I consider myself very lucky to have had the chance to work with remarkable writers on the development of their plays, whether I have gone on to direct them or not.
I offer a Pay What You Can script-reading service, drawing on my experience as a director of new plays and reader for playwrighting prizes to offer tailored support for your script.
I will always ask what you want from me as a reader, and will engage with your play with that in mind. I can offer support on form, structure, world-building, characterisation; and give advice on next steps both in terms of writing, and of placing your play within the context of the British theatre landscape.
I'm not a producer (so can't get your play on) and don't have all the answers (so won't tell you what to do), but I do love new plays and the people brave enough to write them, so hope that my thoughts might be useful. Email me at the address above!
Nothing; A Girl in School Uniform (Walks Into A Bar)
Ed's dramaturgy is generous and kind, but always rigorous. He makes an effort to work out your aims and intentions for the piece and helps you get there, never imposing his own ideas. Whatever I'm working on, I'd always want his help.
Lemons Lemons Lemons Lemons Lemons, You Stupid Darkness!
It's difficult to overstate the extent to which working with Ed has shaped my writing life. He manages to combine a wealth of knowledge, reading and expertise with a non-prescriptive sensitivity to the unique needs of this weird, amorphous thing that you're trying to usher towards life. He wants the play to be as full as possible - of ideas, of personality, of character, of feeling - and yet can help it along that path with utter clarity of thought.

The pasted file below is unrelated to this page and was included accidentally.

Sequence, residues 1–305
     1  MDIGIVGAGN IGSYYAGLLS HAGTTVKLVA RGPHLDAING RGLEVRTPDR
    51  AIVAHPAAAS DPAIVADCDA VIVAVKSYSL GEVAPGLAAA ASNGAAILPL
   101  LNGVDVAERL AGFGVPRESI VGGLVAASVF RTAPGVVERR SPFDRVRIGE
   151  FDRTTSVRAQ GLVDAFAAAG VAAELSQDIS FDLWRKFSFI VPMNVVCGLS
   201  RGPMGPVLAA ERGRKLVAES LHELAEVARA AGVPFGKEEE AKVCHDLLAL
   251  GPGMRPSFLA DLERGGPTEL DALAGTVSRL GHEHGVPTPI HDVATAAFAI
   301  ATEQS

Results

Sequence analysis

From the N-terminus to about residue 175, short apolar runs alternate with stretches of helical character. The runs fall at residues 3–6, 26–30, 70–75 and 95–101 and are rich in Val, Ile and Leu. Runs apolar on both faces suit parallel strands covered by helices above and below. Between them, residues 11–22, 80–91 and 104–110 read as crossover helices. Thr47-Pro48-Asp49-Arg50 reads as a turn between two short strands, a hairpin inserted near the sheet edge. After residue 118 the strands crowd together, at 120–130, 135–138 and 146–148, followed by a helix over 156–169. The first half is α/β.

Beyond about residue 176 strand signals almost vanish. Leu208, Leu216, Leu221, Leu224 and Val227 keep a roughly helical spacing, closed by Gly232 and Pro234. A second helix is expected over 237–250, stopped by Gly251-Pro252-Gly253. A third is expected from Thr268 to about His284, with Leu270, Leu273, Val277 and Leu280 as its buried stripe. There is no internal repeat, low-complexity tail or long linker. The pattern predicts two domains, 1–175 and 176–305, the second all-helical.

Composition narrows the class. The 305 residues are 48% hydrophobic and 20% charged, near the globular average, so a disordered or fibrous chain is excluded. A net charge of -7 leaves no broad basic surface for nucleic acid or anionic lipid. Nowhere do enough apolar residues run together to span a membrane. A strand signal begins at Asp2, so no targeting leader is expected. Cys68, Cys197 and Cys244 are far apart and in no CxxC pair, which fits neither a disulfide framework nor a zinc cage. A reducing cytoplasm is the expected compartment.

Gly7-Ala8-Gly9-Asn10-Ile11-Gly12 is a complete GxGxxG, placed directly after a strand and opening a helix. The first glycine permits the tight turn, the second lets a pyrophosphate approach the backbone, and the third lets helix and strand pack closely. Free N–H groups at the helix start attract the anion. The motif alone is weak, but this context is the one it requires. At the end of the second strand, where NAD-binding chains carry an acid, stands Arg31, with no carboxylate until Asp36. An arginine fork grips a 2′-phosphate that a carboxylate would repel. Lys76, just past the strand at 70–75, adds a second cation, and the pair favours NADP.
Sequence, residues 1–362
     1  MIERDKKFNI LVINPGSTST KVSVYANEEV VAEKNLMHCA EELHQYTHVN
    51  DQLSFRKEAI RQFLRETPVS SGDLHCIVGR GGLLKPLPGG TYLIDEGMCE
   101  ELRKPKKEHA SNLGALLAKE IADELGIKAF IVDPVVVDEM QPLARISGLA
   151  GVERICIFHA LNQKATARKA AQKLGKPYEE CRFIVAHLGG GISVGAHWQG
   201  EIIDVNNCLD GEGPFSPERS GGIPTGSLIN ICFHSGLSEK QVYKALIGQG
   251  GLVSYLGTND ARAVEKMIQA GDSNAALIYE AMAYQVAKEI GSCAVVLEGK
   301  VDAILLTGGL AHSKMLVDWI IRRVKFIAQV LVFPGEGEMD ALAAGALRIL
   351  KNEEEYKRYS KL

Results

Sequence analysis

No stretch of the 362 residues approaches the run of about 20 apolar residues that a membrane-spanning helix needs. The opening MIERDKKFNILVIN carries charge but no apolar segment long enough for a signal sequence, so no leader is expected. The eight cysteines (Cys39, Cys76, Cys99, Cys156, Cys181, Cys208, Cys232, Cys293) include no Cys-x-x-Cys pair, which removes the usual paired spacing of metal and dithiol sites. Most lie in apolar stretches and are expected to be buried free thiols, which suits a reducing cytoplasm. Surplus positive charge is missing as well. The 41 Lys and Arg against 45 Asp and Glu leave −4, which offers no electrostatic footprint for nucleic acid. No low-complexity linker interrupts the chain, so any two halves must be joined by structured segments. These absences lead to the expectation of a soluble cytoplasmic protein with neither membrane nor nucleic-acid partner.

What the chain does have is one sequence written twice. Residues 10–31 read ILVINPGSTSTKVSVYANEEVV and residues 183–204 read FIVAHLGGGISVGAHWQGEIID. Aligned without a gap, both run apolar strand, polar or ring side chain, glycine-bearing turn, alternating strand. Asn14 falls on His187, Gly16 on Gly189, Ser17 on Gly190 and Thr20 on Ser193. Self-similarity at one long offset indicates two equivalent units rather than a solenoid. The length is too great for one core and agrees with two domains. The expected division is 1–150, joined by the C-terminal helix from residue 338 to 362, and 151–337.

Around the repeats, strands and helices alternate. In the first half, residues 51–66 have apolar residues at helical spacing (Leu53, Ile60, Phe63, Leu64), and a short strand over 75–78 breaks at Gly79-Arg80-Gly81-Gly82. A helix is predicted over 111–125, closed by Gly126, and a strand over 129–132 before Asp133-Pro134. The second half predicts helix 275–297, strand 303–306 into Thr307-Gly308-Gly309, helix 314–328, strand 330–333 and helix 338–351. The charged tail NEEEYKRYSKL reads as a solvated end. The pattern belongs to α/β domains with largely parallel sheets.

Most importantly, Ed is an infectiously excitable man. He is completely unable to stop himself investing whole-heartedly in a piece he's working on. His notes don't feel like notes; they feel like opportunities. There are times when I've thought a play to be irredeemably broken only for Ed to set it completely alight again. You leave a meeting feeling more determined, more excited by and in love with the thing that you're making. And the thing it could become.
Wild Swimming, Yellowfin
Ed's dramaturgy is egoless and without agenda. It is passionate and perceptive, astute and erudite. He is both sympathetic to the needs of the playwright and obsessive in his pursuit of the play's perfect self. He takes plays on their own terms, and understands implicitly how they might become more achieved versions of themselves.
He is able, with epigrammatic clarity, to help the playwrights he works with understand how they might better abide by their own rules, and he refrains from leaning on prescribed or prejudicial notions of what a play should 'be' or 'do.' The depth and breadth of his reading is peerless; his passion for plays and for theatre, unmatched.